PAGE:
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Intended Audience: for transportation engineers and ITS developers


Intelligent Transportation System (ITS) project developers must be aware that once they collect personally-identifiable information (for example, vehicle location, vehicle movement, and occupants’ identity) for use in an ITS application, law-enforcement agencies or parties engaged in civil litigation may want to use the information for their own, quite different purposes. “Collect the data and they will come” describes the situation. The danger for the ITS project is that use of the data by outsiders may generate a public backlash or possibly civil-liberties litigation that could cause the entire project to be cancelled.

This course discusses legal and political principles that should be taken into consideration in ITS design, from initial concept through implementation. Specific examples mentioned are automated enforcement of traffic laws (for example, red-light cameras), vehicle miles traveled taxes, electronic tolling systems, and electronic enforcement of graduated drivers licenses (intended especially for teenage drivers), and—dating to a period before the introduction of ITS—the civil-liberties issues arising from the government mandate of seat-belt ignition interlocks. Without knowledge of the legal framework that applies to emerging technology, ITS developers set themselves up for frustration as ideas that appear flawless in an engineering office may become controversial when they reach the implementation stage. The understanding of privacy both as a political concept and a legal protection provides the foundation for future ITS progress, allowing new technologies to be developed in ways that will gain public acceptance and avoid privacy or civil-liberties objections.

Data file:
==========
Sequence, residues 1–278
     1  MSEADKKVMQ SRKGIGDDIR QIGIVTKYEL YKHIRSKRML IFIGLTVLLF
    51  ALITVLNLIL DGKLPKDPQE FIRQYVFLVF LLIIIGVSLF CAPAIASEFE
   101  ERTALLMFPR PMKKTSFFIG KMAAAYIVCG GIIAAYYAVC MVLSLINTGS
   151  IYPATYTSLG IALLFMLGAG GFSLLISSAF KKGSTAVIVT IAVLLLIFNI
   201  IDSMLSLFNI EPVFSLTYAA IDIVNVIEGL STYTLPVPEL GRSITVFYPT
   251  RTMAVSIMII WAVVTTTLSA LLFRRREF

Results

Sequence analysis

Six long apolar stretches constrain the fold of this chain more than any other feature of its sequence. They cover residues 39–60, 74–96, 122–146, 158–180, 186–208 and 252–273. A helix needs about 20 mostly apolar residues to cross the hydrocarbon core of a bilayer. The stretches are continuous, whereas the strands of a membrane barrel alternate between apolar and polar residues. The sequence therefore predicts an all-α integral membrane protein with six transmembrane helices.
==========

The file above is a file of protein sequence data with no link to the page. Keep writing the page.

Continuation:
This course is based on Report No. CTS 11-21, “ITS and Locational Privacy: Suggestions for Peaceful Coexistence,” written by Frank Douma and Sarah Aue, and sponsored by the Intelligent Transportation Systems Institute, Center for Transportation Studies, University of Minnesota, October, 2011.

Learning Objectives

At the successful conclusion of this course, you’ll be able to identify and discuss:

  • Principles and unresolved issues in current privacy law
  • The distinction between anonymous and personally identifiable information
  • The need to obtain consent, when identifying information is collected
  • Different access to information by public as opposed to private actors
  • Case studies: seat belt ignition interlock, occupant crash protection, automated law enforcement, electronic tolling and graduated driver’s license enforcement.

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